Memory is a fundamental element of human life yet it remains one of the greatest mysteries of modern biological research. Memory loss through neurological disease, such as Alzheimer's, or head trauma, has a devastating impact on the quality of life. Understanding the molecular process of memory would therefore provide potential avenues for mnemonic therapy. The long- term goal of this proposal is to understand how memories are formed, consolidated and retrieved at the molecular, cellular and neural network level. We use the fruit fly Drosophila as our model system because it can learn, it has a relatively simple brain and it is amenable to a sophisticated genetic approach. We will use the most up-to-date technology available with a new appetitive long-term memory assay to investigate how conserved signaling molecules function within the context of defined neural circuits to encode memory. We expect that these studies will have a major impact on strategies for human mnemonic therapy.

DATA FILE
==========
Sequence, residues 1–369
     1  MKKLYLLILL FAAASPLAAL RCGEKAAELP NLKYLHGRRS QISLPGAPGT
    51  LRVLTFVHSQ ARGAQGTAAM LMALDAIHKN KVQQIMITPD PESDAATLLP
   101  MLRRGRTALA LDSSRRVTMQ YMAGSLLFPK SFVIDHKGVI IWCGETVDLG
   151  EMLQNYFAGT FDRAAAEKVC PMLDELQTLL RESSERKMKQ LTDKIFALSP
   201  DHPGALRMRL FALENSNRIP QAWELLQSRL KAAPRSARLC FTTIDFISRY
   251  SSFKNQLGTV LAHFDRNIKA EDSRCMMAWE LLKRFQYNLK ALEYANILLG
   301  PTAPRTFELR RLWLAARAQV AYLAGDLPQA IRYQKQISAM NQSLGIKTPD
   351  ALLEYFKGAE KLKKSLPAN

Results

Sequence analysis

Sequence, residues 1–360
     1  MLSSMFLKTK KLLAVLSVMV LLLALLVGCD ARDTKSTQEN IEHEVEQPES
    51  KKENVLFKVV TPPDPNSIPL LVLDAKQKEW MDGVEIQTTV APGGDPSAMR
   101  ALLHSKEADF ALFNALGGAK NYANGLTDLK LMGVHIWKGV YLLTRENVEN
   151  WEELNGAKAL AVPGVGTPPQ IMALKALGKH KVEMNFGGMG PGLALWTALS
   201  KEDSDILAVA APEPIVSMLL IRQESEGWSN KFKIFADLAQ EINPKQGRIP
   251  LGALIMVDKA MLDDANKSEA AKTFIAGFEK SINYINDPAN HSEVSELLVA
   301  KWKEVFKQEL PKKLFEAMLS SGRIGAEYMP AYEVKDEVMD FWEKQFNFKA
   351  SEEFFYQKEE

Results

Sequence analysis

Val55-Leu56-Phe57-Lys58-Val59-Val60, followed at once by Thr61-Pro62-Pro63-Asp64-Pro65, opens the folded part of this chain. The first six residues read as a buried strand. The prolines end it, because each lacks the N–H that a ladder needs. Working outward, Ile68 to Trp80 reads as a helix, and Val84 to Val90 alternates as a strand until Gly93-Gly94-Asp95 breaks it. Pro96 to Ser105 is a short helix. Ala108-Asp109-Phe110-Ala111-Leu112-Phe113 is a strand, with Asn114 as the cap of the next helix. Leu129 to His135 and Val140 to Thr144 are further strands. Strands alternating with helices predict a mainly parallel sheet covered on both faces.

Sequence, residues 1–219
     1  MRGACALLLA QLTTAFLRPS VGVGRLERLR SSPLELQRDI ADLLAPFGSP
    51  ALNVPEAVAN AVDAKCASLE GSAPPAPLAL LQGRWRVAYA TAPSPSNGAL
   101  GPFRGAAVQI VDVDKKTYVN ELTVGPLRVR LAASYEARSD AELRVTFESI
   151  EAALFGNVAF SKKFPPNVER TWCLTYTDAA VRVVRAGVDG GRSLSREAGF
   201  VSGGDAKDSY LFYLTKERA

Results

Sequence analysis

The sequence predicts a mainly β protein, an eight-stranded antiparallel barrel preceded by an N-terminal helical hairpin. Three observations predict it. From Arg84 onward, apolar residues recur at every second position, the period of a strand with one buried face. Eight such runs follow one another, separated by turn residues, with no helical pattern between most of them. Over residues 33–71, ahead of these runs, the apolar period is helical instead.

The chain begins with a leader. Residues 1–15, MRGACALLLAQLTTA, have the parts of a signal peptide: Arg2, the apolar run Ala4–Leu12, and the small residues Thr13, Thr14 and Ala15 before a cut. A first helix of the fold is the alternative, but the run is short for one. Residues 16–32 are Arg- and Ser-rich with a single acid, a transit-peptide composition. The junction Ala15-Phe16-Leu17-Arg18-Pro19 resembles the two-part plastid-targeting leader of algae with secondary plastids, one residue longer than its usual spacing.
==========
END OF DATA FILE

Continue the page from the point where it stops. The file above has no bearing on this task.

Memory is a critical element of human existence. Consequently, memory loss through neurological disease, such as Alzheimer's, or head trauma, severely impacts quality of life. Our work will provide a fundamental understanding of the cellular, molecular and neural circuit processes of memory providing potential avenues for mnemonic therapy in humans.
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